This realistic coming of age story and ode - of all places - Sacramento, California brings an economic and family relational honesty largely missing from Hollywood movies. The biggest achievement of the movie is getting something original and human released by the modern film business. Having made that familiar complaint, likely the international grosses will be paltry - not sure Bejing movie ticket buyers will get many of the Central California references. Domestic audiences will leave with a similar reaction after viewing last year's "La La Land" - "it was very good but not as incredible you hear". Saoirse Ronan will land a well-deserved Oscar nom for her lead performance. This will cement TheWestchestarian's reputation for pop culture soothsaying given the prediction made in a review of Peter Jackson's awful "The Lovely Bones" on the eventual stardom Ronan would achieve based on her first movie.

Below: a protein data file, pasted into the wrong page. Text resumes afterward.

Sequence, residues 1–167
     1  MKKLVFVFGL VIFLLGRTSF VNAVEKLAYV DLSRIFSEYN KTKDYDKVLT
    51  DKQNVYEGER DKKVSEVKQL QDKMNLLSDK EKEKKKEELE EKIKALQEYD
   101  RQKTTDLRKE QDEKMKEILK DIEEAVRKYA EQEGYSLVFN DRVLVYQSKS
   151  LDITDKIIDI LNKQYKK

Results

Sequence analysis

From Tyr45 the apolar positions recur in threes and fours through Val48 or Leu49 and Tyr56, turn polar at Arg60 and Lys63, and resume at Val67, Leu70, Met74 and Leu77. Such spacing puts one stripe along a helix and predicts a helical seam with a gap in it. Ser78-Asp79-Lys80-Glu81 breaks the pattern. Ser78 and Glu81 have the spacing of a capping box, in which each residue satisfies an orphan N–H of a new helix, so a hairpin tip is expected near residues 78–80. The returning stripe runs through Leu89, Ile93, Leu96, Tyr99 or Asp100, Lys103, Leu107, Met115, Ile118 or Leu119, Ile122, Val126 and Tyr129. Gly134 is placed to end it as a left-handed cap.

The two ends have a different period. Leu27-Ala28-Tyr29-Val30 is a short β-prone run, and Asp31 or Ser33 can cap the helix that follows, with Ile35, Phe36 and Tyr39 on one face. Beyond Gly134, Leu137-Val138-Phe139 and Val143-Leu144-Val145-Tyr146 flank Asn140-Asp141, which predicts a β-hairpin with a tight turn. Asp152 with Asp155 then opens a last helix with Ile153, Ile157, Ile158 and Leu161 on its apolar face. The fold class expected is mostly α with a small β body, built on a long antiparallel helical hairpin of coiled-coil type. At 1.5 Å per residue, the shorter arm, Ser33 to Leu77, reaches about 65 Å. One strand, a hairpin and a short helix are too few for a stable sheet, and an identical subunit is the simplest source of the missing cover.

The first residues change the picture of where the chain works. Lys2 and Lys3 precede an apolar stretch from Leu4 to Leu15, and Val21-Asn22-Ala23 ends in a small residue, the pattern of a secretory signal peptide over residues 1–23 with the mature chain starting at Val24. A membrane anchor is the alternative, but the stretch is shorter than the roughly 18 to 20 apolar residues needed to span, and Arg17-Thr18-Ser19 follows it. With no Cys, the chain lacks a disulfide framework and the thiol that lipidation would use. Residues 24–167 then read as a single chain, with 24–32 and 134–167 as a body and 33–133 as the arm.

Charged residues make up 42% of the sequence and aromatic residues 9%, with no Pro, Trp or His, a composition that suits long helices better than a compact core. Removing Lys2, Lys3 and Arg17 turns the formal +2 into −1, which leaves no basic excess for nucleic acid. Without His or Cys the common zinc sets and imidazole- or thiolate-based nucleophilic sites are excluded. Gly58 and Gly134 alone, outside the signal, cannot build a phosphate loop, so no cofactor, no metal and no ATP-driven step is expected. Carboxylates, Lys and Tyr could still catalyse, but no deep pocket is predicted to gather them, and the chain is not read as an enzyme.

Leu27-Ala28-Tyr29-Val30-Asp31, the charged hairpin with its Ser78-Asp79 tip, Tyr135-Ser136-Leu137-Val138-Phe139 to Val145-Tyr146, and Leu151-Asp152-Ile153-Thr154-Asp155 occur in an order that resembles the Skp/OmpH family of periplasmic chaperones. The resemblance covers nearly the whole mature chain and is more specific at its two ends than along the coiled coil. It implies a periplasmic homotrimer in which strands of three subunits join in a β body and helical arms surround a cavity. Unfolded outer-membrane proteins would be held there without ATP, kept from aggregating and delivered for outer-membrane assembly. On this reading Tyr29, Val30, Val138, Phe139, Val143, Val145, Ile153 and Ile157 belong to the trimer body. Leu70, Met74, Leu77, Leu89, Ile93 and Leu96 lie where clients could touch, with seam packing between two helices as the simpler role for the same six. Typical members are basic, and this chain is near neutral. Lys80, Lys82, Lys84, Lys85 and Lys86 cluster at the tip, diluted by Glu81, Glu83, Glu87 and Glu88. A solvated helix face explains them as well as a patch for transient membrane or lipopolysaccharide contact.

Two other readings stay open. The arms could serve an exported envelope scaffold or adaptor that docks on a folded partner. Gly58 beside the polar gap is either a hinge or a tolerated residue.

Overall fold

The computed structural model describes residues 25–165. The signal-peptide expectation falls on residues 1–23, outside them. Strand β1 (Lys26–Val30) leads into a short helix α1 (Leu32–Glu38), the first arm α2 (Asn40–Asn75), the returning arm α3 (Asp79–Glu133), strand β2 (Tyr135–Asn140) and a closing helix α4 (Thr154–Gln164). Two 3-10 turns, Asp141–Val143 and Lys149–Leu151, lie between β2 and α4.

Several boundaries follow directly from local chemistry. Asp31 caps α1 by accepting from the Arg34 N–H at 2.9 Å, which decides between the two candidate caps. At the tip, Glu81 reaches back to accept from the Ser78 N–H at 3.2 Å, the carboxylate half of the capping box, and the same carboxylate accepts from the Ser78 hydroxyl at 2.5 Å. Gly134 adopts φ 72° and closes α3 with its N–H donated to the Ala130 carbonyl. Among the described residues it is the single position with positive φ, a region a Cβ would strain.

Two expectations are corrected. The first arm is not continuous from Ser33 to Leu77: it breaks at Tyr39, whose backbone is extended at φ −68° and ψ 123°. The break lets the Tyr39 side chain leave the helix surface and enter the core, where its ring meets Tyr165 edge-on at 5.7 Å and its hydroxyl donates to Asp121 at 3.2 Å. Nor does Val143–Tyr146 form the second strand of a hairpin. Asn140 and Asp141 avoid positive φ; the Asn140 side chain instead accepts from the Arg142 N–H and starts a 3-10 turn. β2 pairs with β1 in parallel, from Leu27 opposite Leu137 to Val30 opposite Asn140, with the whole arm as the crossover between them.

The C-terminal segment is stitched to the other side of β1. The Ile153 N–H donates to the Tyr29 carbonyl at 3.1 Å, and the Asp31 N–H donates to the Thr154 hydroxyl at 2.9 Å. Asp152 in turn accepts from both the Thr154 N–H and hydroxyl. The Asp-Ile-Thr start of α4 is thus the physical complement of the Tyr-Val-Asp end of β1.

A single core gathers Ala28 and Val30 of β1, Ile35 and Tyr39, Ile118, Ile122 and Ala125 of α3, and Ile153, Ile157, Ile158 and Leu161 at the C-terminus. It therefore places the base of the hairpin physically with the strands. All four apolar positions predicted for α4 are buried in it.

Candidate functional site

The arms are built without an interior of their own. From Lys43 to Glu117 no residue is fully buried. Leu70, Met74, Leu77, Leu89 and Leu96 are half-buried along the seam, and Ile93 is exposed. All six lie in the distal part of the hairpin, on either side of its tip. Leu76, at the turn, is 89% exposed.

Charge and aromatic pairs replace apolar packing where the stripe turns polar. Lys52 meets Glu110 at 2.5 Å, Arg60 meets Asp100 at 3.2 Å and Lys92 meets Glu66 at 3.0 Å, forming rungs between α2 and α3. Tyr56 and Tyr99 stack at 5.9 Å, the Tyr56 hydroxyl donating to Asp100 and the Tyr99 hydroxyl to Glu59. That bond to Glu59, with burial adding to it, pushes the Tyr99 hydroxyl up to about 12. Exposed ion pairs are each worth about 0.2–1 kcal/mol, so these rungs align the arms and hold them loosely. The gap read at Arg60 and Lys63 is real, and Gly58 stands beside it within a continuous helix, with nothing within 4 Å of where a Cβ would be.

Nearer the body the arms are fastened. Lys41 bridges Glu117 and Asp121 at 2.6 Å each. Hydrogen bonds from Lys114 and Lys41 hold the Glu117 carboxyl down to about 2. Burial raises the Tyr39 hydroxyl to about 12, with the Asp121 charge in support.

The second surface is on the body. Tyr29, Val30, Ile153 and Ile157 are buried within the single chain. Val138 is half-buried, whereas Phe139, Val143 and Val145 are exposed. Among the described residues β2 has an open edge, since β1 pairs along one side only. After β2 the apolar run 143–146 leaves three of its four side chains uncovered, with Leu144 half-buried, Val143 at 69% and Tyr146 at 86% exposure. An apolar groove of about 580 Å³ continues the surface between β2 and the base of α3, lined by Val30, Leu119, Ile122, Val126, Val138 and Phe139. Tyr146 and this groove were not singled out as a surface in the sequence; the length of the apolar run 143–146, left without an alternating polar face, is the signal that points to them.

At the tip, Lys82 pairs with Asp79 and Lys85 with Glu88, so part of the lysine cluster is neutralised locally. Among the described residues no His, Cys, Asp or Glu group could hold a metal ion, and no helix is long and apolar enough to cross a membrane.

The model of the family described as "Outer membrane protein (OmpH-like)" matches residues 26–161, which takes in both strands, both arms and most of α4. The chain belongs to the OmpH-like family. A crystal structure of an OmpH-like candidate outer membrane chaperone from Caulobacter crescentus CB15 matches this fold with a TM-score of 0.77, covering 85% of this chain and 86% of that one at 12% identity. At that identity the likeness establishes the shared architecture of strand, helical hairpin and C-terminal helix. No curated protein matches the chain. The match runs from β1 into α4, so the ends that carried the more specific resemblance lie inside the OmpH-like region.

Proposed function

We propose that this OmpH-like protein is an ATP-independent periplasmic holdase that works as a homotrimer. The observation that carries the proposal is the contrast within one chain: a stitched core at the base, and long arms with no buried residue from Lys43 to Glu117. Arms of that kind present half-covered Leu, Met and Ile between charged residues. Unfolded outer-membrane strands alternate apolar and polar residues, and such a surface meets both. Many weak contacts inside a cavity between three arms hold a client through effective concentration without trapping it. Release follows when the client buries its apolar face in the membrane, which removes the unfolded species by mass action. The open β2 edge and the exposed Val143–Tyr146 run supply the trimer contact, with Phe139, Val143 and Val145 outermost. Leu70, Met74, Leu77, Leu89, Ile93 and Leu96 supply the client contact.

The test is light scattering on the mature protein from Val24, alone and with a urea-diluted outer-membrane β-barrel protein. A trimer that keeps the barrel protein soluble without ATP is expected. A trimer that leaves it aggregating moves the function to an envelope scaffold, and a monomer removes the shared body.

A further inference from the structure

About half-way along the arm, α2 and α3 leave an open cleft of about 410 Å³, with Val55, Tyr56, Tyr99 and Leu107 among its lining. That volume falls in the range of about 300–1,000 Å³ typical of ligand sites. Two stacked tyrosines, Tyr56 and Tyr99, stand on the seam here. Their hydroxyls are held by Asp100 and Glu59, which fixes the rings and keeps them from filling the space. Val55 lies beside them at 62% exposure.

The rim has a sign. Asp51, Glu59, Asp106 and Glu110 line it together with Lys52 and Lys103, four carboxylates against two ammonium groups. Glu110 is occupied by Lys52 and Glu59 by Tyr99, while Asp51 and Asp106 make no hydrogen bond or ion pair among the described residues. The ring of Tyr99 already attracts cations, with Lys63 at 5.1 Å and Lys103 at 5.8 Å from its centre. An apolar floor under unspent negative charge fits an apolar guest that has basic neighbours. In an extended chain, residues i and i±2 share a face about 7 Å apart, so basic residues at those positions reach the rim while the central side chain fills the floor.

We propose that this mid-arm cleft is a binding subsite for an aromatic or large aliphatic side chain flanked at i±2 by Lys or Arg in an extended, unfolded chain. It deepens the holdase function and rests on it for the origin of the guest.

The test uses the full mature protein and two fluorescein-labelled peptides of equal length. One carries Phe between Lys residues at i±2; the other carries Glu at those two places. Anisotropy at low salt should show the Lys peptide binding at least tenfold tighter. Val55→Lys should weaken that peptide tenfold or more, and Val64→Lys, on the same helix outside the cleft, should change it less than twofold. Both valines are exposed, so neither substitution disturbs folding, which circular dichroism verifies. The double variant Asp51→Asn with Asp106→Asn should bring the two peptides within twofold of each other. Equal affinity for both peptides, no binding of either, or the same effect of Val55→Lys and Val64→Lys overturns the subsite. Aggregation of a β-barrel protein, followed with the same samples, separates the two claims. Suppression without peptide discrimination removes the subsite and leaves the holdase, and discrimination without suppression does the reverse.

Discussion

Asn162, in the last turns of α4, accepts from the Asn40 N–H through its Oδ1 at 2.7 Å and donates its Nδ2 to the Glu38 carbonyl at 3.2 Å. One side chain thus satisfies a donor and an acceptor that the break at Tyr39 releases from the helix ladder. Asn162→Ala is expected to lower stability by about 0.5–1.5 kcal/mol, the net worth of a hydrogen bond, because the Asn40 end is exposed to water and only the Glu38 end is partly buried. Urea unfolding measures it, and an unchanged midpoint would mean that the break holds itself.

The BFG (2016)
An annoying book gets the full Hollywood treatment